As always, start here.
Need any help getting your head in the audition game? Try this.
Enjoy the weekend!
It’s been a tough day, this September 30. My Facebook feed is overflowing with grief and disbelief about the demise of New York City Opera, and my neighbors and friends here in the D.C. are are awash with anger and chagrin about the possible (probable?) government shutdown.
It’s been a maxim of my professional life never to talk politics (and to be able to steer any inflammatory partisan cocktail chatter into neutral territory in record time), so I will bypass the latter and focus on the former.
When I first got involved in this whole audition season business 20 years ago, New York City was a game-changer. Yes, of course, we heard and hired good singers in other places in the country. But the NYC auditions were a barometer of sorts; they almost always encompassed more than half of the best young artist talent out there in any given autumn. Cause and effect are dangerous to assign, but the current trend is clear: the singers we hear in New York no longer dominate the game.
Many of the 20-something singers in New York used to be at NYCO. There are other factors and other programs that have also changed or disappeared in the last decade, but this has to be the biggest. Of course, NYCO was more than just young artists; it housed singers at all different career points. But spending a formative chunk of one’s young artist years at City Opera allowed singers to live in NY to study, audition, and start careers. And many did.
The good news? Alternate career-entry paths seem to have proliferated during this same period. Big house young artist programs are (mostly) thriving, regional companies are doing some of the freshest and most innovative work in the country, and Europe is once again increasingly attractive. And the fact that you don’t have to spend a ton of time living in Manhattan in order to have an opera career is a relief to many a singer.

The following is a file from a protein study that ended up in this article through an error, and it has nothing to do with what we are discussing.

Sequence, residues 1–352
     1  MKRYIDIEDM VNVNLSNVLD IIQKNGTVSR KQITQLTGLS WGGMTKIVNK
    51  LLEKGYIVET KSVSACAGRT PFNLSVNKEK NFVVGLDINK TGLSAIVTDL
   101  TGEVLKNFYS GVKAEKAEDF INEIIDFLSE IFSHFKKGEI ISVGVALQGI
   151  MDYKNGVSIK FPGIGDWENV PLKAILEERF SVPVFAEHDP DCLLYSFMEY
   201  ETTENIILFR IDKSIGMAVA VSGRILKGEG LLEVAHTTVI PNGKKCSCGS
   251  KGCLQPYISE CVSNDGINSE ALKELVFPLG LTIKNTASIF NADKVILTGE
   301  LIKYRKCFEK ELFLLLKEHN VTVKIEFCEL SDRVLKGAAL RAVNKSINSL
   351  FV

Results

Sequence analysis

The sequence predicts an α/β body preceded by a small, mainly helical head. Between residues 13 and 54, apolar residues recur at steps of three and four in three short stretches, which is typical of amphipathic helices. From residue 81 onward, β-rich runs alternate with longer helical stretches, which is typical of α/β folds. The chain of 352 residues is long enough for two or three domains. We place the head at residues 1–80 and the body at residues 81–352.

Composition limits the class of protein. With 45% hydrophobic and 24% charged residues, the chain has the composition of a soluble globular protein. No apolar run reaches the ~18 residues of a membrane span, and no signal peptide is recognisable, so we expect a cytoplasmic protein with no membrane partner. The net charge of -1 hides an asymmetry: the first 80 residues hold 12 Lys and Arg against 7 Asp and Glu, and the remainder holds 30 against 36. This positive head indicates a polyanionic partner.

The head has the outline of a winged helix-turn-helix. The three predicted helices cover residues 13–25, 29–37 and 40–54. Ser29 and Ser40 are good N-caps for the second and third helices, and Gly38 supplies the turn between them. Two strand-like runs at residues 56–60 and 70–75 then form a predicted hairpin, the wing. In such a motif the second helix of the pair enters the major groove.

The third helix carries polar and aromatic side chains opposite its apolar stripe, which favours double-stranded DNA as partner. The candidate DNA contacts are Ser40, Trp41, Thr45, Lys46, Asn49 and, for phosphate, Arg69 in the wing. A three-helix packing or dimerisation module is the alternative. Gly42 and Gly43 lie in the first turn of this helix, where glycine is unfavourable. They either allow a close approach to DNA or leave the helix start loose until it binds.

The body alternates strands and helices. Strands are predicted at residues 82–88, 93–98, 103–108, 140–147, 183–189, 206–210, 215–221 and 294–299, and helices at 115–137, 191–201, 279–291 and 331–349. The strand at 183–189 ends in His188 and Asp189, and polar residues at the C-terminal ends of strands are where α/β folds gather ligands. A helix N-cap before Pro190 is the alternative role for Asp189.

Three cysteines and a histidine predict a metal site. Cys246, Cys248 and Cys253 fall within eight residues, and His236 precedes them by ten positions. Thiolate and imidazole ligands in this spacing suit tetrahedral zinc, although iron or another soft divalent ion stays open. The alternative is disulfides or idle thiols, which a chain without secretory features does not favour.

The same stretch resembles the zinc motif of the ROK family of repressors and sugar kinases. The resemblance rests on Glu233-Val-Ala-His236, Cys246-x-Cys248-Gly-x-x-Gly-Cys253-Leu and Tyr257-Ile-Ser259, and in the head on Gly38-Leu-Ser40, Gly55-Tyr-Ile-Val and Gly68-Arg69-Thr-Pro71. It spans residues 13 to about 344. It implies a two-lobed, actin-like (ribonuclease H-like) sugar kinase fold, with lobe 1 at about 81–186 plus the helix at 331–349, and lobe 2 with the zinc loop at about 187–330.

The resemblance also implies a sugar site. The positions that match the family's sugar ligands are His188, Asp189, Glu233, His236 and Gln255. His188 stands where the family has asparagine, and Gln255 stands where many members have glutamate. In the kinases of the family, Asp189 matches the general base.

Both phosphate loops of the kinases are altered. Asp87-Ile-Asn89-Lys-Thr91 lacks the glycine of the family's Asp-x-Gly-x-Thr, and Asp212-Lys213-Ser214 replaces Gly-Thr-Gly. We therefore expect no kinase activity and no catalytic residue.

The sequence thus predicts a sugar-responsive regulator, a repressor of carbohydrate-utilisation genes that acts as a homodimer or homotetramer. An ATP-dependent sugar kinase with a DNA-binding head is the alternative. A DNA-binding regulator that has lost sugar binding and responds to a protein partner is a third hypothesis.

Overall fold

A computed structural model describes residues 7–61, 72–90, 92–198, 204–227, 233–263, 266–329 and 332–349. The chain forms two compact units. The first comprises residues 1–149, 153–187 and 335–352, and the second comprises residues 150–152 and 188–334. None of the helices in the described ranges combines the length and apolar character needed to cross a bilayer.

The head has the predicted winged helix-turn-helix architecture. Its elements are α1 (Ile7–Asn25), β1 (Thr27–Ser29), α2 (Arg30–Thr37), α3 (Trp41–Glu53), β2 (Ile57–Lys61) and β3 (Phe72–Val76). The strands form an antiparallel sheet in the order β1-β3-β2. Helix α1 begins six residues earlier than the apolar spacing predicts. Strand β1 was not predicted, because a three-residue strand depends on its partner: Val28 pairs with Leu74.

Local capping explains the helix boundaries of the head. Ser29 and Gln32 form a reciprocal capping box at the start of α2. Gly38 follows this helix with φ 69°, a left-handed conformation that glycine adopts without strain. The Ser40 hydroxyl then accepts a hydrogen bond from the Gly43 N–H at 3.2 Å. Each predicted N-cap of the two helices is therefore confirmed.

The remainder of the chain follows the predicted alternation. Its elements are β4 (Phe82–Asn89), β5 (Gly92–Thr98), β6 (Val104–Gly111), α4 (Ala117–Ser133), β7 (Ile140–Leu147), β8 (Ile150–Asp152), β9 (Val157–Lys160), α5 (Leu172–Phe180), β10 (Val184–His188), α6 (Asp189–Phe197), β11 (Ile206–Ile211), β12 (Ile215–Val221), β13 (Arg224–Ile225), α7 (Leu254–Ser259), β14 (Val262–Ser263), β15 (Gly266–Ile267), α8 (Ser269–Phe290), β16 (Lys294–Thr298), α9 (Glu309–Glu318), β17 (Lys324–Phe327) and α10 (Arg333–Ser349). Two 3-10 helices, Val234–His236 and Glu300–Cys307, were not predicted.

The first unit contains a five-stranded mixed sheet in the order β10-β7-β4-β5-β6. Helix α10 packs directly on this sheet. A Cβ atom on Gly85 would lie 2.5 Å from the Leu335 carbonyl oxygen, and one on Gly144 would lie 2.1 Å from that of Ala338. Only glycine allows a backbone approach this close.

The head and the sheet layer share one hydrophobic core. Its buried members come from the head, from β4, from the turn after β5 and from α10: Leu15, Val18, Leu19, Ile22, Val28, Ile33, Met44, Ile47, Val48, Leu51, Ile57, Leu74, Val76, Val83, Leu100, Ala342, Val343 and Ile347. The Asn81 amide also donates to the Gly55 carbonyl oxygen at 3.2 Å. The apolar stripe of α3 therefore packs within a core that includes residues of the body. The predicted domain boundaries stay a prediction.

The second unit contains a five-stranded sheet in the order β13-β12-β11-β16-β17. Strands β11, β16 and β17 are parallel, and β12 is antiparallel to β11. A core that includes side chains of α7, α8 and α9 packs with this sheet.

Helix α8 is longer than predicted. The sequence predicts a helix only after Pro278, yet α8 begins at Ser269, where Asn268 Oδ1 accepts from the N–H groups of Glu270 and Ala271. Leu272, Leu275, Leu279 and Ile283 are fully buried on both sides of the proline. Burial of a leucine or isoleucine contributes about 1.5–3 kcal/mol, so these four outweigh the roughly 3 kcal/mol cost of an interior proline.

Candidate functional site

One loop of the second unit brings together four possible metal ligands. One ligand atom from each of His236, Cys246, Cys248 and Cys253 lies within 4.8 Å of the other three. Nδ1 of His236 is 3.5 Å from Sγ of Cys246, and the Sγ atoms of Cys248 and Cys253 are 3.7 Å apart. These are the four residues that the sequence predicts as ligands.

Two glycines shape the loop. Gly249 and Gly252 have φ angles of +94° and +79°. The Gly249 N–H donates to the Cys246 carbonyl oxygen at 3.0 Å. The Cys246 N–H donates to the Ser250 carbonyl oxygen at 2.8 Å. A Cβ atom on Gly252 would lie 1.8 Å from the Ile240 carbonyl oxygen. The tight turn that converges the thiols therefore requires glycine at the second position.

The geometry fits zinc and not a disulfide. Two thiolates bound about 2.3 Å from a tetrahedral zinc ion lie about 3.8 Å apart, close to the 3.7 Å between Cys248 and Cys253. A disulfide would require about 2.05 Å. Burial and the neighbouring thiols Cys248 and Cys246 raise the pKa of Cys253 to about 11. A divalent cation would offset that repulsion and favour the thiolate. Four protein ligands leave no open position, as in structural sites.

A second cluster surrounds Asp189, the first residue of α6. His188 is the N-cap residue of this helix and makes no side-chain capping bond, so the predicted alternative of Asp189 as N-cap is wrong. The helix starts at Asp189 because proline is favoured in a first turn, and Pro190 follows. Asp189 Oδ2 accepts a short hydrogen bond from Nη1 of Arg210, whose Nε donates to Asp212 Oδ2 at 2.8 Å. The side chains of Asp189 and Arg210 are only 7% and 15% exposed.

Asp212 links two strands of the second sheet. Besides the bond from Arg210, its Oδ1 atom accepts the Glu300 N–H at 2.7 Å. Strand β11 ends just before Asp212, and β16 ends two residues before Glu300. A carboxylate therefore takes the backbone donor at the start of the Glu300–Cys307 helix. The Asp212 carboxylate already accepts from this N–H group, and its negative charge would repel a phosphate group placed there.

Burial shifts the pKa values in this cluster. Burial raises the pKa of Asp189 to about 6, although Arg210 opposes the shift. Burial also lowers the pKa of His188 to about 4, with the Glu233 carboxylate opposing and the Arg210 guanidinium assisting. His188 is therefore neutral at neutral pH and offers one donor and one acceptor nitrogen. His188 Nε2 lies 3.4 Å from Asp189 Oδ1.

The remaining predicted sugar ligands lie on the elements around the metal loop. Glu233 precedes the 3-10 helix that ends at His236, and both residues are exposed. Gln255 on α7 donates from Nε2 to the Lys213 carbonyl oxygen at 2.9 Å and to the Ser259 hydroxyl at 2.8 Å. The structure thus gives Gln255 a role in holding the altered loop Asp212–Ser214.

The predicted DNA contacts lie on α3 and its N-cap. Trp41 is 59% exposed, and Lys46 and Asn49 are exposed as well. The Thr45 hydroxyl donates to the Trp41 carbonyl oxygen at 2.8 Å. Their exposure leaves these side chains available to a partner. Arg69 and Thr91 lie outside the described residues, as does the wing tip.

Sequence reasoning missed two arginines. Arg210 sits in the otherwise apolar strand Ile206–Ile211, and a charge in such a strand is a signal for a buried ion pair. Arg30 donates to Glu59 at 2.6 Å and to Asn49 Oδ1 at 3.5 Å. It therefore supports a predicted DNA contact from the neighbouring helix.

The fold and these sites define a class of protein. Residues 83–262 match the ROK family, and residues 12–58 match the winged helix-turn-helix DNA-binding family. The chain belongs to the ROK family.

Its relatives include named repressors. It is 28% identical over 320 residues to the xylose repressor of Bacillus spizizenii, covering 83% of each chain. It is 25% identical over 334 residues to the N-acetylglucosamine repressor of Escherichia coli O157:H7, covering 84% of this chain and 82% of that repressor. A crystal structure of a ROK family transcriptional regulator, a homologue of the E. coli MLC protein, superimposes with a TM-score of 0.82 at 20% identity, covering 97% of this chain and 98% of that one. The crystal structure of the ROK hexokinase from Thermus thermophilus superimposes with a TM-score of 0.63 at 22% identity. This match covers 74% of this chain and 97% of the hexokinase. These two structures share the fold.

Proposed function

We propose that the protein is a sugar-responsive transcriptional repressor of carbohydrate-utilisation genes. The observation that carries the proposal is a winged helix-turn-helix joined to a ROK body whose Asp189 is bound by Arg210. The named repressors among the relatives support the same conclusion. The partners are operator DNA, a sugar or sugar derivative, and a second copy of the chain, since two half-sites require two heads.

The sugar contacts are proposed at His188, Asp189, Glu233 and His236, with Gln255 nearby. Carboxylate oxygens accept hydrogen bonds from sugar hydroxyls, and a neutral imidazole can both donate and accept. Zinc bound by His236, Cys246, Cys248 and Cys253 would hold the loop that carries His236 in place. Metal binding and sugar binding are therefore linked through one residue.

The tempering news? There are fewer places where emerging artists can be family. NYCO was such a place. When I was starting my career, Washington National Opera was also such a place. We had an entire winter season in the Kennedy Center’s two smaller venues, and it functioned like a repertory company much of the time. But there are tradeoffs: while WNO no longer has such an arm, it has grown immensely, offering DC-area opera lovers truly world-class performances. And while the passing of NYCO means the end of an era, I have to believe that the void will be filled. Arts organizations have life cycles, and we resist change at our peril. The challenge for the aspiring professional singer is to read these shifting sands.
My take-away? I am even more committed to the mission of our company and others like it. Young artists need a place in between the closed laboratory of the university / conservatory and the high-stakes stages of the professional world. They must be given an opportunity to take responsibility, sink or swim, learn from their mistakes, and be surprised by how good they really are.
This September Monday feels pretty gloomy, but exciting singing looms for us in this fall’s audition tour. If you’re singing for us or for anyone this fall, know that we exist because of you, and take heart. Bring your A game, enjoy the hell out of it, and take us along for the ride.
September 20, 2013
September 18, 2013
I’m a podcast junkie.* This week, I’ve been catching up on the TED Radio Hour, and today’s post is courtesy of this gem. (Don’t worry if you don’t “do” podcasts. Just click through to the web page and listen!)
TED Talks videos are amazing things, but I don’t always have the time to devote to visual media. Not only is the Radio Hour a wonderful companion on my commute, the producers do a terrific job of knitting together material from multiple talks in a way that often creates added meaning. Such is the case here.